Moving to the left doesn’t
always mean supporting civil liberties. That’s the lesson of the latest
piece of positioning from Victoria’s new Liberal leader, Ted Baillieu.

Up
to now, Baillieu’s strategy of making news on social issues had mostly
involved supporting individual freedom: ending abortion restrictions,
allowing voluntary euthanasia, permitting condoms in jails.
(Restrictions on gambling are an exception, but the issues there are
complex.) Now, according to this morning’s Age, his shadow cabinet has gone the other way, promising not to repeal the religious provisions of Labor’s Racial and Religious Tolerance Act.

It’s
a minor tragedy that in Australia racial and religious vilification
laws have become a left-right issue. Their most dedicated opponents are
on the hard right, including religious fundamentalists and others who
are not usually fans of civil liberties. Most of the left, apart from a
few dedicated libertarians, has supported the laws, and they have
become a totemic issue for the left within the Liberal Party. After
bitter internal debate, the Liberal Party under Denis Napthine’s
leadership let the laws through the Legislative Council in 2001.

So
it’s not really surprising that Baillieu – whose supporters often think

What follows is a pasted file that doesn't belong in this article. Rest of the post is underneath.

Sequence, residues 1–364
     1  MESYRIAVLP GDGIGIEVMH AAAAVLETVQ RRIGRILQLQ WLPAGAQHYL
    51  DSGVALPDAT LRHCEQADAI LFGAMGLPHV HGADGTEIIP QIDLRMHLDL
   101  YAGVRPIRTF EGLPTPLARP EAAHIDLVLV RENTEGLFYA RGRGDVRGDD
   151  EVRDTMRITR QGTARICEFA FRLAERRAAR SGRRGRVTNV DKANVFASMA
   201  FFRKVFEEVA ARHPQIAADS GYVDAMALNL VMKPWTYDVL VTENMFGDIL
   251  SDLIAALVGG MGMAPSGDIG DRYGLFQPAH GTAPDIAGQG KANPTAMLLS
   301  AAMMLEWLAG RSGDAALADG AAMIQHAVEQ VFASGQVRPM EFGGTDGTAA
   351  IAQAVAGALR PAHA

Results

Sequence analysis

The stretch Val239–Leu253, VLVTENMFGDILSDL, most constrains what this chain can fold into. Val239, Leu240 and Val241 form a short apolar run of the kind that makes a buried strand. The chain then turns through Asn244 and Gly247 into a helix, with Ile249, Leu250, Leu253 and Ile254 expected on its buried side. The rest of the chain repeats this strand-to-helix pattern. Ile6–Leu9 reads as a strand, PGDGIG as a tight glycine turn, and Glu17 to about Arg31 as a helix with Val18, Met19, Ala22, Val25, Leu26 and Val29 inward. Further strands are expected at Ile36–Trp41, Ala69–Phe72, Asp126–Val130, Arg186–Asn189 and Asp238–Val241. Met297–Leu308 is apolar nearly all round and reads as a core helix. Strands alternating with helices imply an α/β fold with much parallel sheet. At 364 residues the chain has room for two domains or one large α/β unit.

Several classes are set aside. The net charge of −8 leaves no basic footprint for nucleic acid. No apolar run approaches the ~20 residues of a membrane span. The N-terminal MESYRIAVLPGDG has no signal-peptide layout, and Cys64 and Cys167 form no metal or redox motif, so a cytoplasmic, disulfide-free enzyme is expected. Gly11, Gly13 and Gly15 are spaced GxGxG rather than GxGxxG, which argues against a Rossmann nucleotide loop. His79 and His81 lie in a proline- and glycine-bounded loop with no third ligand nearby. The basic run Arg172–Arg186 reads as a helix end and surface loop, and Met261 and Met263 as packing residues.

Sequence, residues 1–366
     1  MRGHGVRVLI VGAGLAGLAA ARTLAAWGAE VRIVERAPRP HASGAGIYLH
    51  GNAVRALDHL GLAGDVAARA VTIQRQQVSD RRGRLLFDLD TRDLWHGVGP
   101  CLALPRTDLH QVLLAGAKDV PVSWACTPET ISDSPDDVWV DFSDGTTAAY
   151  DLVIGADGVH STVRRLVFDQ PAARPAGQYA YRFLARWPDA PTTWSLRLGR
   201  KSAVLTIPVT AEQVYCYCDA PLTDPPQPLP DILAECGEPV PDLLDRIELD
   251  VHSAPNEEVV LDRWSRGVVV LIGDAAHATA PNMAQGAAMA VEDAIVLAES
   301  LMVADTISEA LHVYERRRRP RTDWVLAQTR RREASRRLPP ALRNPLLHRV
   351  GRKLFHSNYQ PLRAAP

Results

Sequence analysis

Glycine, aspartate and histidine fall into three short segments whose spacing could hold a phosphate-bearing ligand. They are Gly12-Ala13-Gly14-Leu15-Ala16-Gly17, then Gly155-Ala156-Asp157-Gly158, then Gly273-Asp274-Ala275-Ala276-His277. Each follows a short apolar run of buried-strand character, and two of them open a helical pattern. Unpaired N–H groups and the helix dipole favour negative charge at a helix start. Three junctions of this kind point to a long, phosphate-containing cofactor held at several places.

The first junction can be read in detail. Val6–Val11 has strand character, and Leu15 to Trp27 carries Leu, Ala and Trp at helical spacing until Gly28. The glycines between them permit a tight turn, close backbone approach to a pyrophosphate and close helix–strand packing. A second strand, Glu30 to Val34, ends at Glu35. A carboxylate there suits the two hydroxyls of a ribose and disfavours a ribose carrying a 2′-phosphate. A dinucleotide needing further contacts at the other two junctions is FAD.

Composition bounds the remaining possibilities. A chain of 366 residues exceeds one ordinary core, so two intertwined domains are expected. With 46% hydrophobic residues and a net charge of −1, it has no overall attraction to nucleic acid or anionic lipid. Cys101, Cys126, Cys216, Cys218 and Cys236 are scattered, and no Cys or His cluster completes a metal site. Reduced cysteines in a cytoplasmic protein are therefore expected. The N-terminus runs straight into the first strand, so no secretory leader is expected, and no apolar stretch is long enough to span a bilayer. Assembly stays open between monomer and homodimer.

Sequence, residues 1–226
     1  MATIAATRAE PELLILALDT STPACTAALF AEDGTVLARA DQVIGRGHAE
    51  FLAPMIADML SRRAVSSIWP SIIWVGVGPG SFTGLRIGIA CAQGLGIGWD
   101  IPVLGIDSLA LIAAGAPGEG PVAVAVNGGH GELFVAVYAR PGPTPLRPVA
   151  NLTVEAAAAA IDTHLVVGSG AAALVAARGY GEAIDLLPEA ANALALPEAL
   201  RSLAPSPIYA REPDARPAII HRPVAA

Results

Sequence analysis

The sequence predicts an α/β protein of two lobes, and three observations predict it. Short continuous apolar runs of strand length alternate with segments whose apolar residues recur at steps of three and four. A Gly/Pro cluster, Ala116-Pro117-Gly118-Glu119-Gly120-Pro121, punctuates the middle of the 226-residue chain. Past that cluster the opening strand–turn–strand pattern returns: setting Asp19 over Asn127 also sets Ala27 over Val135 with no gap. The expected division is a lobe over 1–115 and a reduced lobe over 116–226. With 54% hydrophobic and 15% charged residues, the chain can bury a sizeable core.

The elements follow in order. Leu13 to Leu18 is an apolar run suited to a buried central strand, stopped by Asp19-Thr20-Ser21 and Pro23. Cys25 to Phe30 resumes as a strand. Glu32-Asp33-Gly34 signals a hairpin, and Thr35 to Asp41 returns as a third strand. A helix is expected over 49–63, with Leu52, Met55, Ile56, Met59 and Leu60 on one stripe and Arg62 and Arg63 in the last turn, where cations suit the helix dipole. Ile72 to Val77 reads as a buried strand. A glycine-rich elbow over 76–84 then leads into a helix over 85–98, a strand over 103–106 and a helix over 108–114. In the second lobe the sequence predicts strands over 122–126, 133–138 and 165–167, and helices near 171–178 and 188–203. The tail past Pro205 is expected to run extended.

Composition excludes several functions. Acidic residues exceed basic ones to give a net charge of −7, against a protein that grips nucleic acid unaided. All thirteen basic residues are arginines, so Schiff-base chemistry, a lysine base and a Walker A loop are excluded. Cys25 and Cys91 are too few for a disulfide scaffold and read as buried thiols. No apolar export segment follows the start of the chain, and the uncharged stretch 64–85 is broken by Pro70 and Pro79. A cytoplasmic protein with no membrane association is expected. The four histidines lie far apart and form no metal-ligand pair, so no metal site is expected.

of themselves as on the left, although Victorian factionalism is mostly
non-ideological – should be presiding over a change of front. But it is
disappointing nonetheless. It needs to be said clearly that there is
nothing progressive about suppressing the views of people you disagree
with.

The case of religious vilification is especially clear,
since (unlike race) religion is something that can – and should – be
changed. Voltaire, Marx and many others would turn in their graves at
the thought of a supposedly left-wing government trying to shut down
debate on religion.

One group that seems to understand this is
the Greens, who are participating in a rally in Melbourne today against
the laws, organised by the “Coalition for Free Speech”. They will have
some odd bedfellows, including, allegedly, a former president of the Ku
Klux Klan. But the defence of basic freedoms requires as broad a front
as we can muster.

Peter Fray

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